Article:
The Euro (EUR) started on the back foot against the New Zealand Dollar (NZD) this morning as markets await Emmanuel Macron first moves as French president today.
The new president, freshly inaugurated on Sunday, is expected to spend his first day appointing a new Prime Minister. His choice could prove crucial ahead of June’s parliamentary elections, where his La République En Marche party is seeking to gain a majority to help push through Macron’s proposed economic reforms.
Reports suggest that Macron’s top candidate for the position is Édouard Philippe, the mayor of Le Havre and although not a member of En Marche, Macron hopes that appointing the Republican will help to gain some bi-partisan support for his policies.
Macron is also set to travel to Germany to meet German Chancellor Angela Merkel later today with the Pro-EU president seeking possible reforms for the Eurozone, whilst Merkel is expected to welcome Macron’s promise to reform France’s public spending and labour market.
EUR NZD was also weakened by the release of Greece’s latest GDP data this morning as figures showed that the Greek economy contracted again in the first quarter, shrinking 0.1%.
This is the second consecutive contraction for the beleaguered nation after its economy shrank 1.5% in the last three months of 2016, putting Greece back into a recession and placing pressure on the single currency.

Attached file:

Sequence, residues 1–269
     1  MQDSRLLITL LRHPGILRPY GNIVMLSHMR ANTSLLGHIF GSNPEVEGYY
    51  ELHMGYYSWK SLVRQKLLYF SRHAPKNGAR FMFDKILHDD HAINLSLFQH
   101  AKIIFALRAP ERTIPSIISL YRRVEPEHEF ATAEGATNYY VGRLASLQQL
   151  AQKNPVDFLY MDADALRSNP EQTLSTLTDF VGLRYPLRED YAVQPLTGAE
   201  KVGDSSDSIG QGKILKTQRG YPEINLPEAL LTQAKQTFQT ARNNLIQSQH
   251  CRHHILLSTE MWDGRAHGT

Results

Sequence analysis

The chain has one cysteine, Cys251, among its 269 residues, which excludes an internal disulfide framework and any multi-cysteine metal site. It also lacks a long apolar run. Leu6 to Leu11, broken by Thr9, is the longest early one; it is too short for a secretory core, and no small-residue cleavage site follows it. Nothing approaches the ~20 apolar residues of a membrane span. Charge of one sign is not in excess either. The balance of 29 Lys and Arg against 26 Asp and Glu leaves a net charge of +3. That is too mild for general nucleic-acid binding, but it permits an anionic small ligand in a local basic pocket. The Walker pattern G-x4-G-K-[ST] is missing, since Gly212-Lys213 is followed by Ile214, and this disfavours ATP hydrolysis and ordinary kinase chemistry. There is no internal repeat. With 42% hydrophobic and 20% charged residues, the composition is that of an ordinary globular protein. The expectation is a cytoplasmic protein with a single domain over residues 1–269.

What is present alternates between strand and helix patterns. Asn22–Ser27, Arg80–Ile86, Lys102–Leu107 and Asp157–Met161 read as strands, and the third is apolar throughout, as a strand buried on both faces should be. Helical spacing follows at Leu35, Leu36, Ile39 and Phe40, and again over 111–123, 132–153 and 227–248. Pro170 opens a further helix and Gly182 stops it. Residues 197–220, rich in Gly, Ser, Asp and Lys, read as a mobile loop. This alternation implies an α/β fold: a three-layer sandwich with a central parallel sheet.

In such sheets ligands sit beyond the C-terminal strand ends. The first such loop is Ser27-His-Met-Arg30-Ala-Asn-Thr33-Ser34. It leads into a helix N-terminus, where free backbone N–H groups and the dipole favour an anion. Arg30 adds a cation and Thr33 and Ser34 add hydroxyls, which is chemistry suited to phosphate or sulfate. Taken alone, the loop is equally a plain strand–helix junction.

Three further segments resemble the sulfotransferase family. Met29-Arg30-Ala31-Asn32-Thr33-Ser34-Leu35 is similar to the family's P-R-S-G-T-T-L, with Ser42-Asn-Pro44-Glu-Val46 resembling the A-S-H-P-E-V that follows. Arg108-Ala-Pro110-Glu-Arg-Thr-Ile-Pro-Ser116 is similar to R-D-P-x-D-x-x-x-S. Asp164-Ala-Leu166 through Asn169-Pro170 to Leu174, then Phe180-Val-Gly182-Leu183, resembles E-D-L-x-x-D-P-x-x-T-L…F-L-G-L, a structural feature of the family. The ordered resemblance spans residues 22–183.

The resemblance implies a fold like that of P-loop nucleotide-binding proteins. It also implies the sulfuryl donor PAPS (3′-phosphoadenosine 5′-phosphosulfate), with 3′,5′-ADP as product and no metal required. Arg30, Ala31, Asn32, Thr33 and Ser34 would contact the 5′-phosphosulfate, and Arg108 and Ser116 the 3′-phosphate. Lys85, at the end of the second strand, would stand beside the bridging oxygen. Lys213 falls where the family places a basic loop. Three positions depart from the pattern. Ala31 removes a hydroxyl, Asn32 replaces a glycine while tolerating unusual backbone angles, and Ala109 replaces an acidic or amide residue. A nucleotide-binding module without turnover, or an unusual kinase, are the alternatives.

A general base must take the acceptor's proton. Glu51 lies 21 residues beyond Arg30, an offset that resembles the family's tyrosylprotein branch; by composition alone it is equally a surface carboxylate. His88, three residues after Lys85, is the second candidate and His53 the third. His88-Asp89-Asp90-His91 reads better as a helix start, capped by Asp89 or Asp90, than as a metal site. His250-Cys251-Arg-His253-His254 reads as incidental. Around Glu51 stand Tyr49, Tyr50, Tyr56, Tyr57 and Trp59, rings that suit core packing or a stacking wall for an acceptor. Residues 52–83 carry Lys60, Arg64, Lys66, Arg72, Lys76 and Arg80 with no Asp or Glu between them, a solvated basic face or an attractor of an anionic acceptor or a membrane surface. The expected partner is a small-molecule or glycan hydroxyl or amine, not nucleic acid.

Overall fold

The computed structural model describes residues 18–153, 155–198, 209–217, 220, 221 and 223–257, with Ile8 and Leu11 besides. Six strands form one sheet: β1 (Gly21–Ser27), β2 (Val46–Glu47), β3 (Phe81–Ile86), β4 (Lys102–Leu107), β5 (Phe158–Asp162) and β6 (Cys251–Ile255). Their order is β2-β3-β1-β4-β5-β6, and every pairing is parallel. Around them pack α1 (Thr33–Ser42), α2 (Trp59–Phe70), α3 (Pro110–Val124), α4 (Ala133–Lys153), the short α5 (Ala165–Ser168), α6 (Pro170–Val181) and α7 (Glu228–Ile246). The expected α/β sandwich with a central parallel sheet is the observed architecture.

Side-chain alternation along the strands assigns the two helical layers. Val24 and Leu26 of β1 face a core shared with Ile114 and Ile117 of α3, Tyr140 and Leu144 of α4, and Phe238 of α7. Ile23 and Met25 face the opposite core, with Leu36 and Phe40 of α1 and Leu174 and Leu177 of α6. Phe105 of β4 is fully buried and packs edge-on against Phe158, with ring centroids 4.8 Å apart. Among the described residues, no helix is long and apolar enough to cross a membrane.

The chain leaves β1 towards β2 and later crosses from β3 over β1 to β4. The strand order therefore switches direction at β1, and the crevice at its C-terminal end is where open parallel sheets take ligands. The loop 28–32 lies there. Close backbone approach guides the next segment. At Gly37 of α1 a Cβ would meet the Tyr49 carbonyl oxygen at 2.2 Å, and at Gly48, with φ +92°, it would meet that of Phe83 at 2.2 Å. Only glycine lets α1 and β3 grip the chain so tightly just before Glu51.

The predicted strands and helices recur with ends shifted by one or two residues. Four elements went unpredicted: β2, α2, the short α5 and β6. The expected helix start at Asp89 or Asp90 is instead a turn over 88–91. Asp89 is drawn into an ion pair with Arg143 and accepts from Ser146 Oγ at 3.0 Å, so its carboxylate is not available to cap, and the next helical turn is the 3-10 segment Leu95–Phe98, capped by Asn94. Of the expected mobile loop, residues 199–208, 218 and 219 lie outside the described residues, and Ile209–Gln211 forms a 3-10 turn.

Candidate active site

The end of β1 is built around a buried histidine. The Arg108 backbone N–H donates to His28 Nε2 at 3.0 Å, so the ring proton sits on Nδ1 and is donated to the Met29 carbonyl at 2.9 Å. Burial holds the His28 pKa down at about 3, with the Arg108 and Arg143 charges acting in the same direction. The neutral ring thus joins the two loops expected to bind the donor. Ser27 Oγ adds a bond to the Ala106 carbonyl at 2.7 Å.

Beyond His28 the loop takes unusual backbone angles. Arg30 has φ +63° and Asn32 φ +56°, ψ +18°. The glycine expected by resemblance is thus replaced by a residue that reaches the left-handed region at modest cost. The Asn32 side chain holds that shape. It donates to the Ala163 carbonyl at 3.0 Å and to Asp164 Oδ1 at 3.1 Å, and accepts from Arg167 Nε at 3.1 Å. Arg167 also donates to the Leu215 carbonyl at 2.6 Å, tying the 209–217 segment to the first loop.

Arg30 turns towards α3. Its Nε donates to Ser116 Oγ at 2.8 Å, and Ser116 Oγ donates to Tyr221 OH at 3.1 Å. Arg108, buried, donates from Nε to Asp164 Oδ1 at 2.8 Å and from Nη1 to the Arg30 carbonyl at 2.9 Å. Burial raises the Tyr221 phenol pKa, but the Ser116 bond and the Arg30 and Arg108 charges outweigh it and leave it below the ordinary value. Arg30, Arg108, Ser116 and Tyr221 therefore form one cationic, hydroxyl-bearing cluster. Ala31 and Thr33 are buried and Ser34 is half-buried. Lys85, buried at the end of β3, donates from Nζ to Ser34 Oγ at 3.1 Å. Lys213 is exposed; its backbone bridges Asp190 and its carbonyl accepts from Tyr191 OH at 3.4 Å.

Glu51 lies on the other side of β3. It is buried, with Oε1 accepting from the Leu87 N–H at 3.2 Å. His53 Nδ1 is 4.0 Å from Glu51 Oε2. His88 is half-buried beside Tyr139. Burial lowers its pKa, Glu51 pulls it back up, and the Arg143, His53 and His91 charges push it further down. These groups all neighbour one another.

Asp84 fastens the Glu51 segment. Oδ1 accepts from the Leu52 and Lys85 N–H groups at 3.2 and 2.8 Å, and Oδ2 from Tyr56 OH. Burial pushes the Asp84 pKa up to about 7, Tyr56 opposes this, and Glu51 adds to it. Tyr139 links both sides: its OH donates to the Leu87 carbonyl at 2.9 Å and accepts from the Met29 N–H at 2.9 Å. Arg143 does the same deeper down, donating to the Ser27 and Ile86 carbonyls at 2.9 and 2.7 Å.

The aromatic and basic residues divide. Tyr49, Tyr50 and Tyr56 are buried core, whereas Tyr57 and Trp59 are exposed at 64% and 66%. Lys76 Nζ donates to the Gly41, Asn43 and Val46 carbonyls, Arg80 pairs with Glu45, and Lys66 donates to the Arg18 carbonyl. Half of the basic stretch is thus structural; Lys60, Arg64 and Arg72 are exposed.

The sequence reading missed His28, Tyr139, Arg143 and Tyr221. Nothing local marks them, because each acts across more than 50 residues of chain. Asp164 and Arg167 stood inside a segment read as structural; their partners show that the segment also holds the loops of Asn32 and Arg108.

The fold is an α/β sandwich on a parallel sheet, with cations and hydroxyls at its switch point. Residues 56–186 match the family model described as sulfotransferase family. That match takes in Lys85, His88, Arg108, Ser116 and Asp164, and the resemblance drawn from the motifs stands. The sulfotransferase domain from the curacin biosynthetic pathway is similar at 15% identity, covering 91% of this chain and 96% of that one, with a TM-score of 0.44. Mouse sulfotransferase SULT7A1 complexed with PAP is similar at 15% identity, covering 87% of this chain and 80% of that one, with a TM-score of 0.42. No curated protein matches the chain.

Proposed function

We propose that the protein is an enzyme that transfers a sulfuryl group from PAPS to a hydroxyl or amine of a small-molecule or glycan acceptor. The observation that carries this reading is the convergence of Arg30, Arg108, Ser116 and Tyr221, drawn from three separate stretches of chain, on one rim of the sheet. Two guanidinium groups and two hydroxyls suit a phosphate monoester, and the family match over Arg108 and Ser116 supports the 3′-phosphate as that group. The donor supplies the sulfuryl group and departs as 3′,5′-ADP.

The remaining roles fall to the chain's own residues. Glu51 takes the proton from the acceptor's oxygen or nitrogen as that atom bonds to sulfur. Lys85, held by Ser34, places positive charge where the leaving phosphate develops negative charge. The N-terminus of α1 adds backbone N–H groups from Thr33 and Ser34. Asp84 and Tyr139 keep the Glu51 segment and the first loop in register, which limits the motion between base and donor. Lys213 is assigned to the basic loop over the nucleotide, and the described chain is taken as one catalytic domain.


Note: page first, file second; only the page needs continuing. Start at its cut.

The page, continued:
Meanwhile the New Zealand Dollar was strengthened this morning by the announcement of a ‘modern Silk Road’ as Chinese president Xi Jinping outlined his Belt and Road initiative.
The plan, which will see China and its partners invest $900bn into an ambitious infrastructure programme designed to stretch the entire Eurasian continent, is hoped by supporters to herald a new ‘golden age’ of globalisation.
NZD investors hope that it will improve New Zealand’s trade opportunities, allowing its exports to reach markets quicker and easier and providing a major boon for the commodity-correlated ‘Kiwi’.
The New Zealand Dollar was also strengthened overnight by an uptick in domestic retail sales as they unexpectedly surged from 0.9% to 1.5% in the first quarter, the sharpest rise in sales since Q2 2016.
The jump was largely attributed to a rise in sales of cars and parts and, food and drink and consumer electronics.
Looking ahead, the EUR NZD exchange rate may tumble with the release of the Eurozone’s latest GDP figures tomorrow as annualised figures are expected to soften from 1.8% to 1.7%.
However, an upbeat ZEW Economic Survey from Germany could prevent the Euro from weakening if sentiment rises from 19.5 to 22 as analysts expect.
Meanwhile, the New Zealand Dollar may advance further tomorrow if prices continue to rise at the Global Dairy Auction. However, after rising 3.6% at the most recent auction there are doubts that markets can sustain any further price rises.
Current Interbank Exchange Rates
At the time of writing the EUR NZD exchange rate was trending around 1.5865 and the NZD EUR exchange rate was trending around 0.6302.